We’re already feeling the winter chill, so I’d like to share a story from warmer days, when we were in Israel for the chagim.
Yom Kippur in Jerusalem is always hot. This year the temperature hovered somewhere close to 90°F, and even in the evenings it was hot.
Because of the weather, my husband, who usually walks to his old childhood shul, Chessed v’Rachamim, in Mazkeret Moshe (now a part of Nachlaot near Machane Yehuda) decided to go with me on erev Yom Kippur to the Great Synagogue, which was just around the corner from where we were staying.
After he arrived there and took out his tallis, a paper fell to the ground. When he picked it up and opened it to see what it was, he realized it was a “kvittel.” He suddenly remembered that back home, a man who sometimes attends his shul had approached him in shul before we left for Israel and asked him if he would put a “kvittel” for him in the Kotel. However, the man had not prepared it yet, so my husband told him that when it was ready he should put it in my husband’s tallis bag in his shul locker so he would automatically bring it with him to Israel.
My husband had not seen the kvittel until it fell out of his tallis bag, and now he was faced with a dilemma, since we were scheduled to leave Jerusalem the morning after Yom Kippur. He quickly decided that in the morning he would walk to the Kotel to deposit this kvittel and daven there.
Off he went early the next morning, down Agron, through the Mamilla Mall, through Jaffa Gate, and down the Armenian Quarter to the Jewish Quarter toward the Kotel.
On the way, he decided to stop by the Hurva Synagogue, which is located where his parents grew up (prior to 1947). He went in to hear the beautiful davening in the beautifully redone shul, which had been rebuilt since its ruin in 1947. He stayed to listen for a while before going to a nearby Spanish-Portuguese Sephardic shul. Although they only had about 15 people present, the davening there was also nice. However, he realized that he could not get distracted from his goal of placing that kvittel in the Kotel before he could settle in and daven wherever he chose, so he left. He finally made his way to the Kotel where he found a spot among all the packed holes in the wall to place this kvittel.
By this time he was hot and sweaty. He looked around to see where he could get some relief from the sun and headed toward the overpass next to the Kotel where the tunnels begin, thinking it would be cooler without the sun beating down. He discovered a separate Ashkenazic minyan under way at the entrance of the tunnels.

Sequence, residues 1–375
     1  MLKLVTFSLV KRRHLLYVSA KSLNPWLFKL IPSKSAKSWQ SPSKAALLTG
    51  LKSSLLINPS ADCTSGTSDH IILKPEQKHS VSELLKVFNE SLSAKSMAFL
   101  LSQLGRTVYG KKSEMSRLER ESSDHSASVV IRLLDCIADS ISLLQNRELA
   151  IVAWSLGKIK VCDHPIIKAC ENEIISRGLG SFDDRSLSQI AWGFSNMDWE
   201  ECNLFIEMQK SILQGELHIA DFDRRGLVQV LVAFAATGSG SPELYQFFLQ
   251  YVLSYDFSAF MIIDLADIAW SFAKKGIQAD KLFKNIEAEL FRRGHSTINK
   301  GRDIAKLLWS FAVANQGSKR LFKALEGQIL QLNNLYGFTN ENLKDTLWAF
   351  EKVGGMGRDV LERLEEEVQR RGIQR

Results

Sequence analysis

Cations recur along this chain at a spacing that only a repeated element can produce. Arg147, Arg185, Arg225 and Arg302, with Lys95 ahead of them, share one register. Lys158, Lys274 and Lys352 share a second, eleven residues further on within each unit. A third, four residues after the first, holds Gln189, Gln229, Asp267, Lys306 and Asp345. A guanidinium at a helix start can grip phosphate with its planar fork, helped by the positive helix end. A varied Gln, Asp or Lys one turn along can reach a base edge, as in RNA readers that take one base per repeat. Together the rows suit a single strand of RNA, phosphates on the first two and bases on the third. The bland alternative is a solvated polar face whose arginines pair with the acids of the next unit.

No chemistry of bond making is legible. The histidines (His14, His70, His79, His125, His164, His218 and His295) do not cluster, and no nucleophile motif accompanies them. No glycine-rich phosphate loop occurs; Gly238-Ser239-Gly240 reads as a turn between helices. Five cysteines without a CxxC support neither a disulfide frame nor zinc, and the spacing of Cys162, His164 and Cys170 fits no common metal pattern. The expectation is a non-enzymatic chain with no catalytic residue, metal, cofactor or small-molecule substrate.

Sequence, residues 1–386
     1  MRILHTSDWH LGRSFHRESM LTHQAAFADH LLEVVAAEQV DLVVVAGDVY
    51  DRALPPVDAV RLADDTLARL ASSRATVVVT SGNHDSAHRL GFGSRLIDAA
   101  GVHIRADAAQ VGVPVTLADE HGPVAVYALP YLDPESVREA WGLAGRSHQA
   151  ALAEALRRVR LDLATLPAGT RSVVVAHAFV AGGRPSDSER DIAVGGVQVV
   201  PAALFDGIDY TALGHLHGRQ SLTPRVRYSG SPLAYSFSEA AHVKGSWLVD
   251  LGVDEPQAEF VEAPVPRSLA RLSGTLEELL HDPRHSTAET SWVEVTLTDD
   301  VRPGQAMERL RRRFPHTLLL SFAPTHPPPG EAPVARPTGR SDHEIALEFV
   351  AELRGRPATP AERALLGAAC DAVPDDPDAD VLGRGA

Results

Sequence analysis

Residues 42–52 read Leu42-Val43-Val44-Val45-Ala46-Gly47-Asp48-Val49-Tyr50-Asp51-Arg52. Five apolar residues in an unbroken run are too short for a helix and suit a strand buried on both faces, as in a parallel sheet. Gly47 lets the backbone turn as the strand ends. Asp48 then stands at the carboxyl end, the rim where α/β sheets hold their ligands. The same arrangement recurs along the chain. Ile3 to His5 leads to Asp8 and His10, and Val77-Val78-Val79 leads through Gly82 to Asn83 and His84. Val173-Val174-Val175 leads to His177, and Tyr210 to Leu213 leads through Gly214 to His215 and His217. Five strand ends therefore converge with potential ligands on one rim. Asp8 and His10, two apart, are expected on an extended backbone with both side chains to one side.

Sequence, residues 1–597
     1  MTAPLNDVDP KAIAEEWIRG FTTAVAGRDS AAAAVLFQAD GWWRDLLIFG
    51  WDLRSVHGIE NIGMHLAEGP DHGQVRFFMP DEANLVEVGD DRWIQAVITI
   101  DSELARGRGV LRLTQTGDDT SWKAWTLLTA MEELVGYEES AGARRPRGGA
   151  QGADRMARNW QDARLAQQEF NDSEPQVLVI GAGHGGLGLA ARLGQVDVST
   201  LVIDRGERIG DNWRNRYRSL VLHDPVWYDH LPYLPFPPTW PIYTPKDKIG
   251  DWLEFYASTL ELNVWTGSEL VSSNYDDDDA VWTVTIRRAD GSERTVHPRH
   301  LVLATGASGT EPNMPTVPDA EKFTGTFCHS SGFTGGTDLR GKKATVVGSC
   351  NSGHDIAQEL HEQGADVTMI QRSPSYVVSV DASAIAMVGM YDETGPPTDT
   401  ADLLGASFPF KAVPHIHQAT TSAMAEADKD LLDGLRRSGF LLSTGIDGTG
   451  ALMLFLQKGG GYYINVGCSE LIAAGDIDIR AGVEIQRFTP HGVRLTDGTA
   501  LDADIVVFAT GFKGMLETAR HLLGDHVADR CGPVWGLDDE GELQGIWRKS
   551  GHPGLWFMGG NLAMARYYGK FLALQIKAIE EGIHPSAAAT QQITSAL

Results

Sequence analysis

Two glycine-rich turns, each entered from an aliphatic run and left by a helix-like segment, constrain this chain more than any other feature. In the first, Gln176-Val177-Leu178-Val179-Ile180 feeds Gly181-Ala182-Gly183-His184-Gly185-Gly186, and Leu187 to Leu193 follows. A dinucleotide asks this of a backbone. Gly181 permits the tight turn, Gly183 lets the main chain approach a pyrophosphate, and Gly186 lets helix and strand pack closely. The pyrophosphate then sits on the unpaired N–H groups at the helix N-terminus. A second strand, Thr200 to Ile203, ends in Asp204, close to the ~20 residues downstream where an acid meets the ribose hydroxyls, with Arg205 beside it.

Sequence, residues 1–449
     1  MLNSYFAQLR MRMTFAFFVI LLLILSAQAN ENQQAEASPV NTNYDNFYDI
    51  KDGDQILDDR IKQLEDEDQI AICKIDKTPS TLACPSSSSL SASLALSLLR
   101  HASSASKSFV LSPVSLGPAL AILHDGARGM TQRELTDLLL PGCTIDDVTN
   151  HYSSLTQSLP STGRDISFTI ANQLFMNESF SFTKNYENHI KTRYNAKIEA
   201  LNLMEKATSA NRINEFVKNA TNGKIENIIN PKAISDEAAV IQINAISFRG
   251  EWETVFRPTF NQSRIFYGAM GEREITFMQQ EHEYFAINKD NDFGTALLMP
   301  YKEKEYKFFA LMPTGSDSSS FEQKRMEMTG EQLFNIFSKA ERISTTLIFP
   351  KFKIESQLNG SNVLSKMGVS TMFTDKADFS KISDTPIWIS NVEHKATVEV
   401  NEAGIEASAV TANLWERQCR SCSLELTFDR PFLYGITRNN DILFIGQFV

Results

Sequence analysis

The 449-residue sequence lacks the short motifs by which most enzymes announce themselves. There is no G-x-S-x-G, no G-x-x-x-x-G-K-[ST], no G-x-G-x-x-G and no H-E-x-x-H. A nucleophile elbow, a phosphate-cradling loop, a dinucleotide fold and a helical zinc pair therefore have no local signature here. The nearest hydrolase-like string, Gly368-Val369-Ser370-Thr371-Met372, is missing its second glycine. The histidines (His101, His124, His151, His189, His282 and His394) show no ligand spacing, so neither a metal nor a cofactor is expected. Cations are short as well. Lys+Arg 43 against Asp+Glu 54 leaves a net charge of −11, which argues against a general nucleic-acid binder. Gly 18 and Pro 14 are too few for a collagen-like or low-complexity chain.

Inside he went, thinking to join this minyan, as the natural coolness from the tunnel brought the temperatures down, but after entering he found that about 10 feet further was another Ashkenazic minyan—and then he spotted a Sephardic minyan a little beyond that minyan. This was very different than any Yom Kippur davening he had ever experienced, so he decided to stay. The atmosphere and the three simultaneous minyanim were irresistible!
He moved to the side, looking for a place to sit, and he noticed some open rooms next to the main tunnel area where the davening was going on that he had not seen before. Inside these areas, people had set up makeshift sleeping areas and had slept there all night so as not to leave the Kotel area for even a minute. My husband is a born Yerushalmi, but this was a new sight for him to behold! People were getting up from makeshift beds and going back and forth to these minyanim in the tunnels!
After Mussaf, he decided to make his way back to the Great Synagogue for Ne’ilah. Back he went through Jaffa Gate and the Mamilla Mall, and then he started up Agron. As anyone who has ever gone up Agron knows, walking up that street even with a bottle of water, at the best of times, is difficult—forget about on Yom Kippur when you cannot drink anything and the sun is brutally hot! He had to stop on the way to rest, and where better than the Waldorf Astoria?
Into the air conditioning of the Waldorf Astoria Hotel he went, where he found they had a minyan of their own going and had not finished Mussaf yet. They had a wonderful chazzan, so it was a great place to sit and rest a little while listening to some amazing davening!
He finally made his way up Agron and back to the Great Synagogue for Ne’ilah. Of course, I did not hear of his adventure until after Ma’ariv when we headed home to break our fast, but one thing is for sure—his Yom Kippur adventure will be a hard one to beat!
Anessa Cohen lives in Cedarhurst and is a licensed real-estate broker (Anessa V Cohen Realty) and a licensed N.Y.S. loan officer (FM Home Loans) with over 20 years of experience offering full-service residential, commercial, and management real-estate services as well as mortgage services. She can be reached at 516-569-5007 or via her website, www.AVCrealty.com. Readers are encouraged to send questions or comments to anessa@AVCrealty.com. Read more of Anessa Cohen’s articles at 5TJT.com.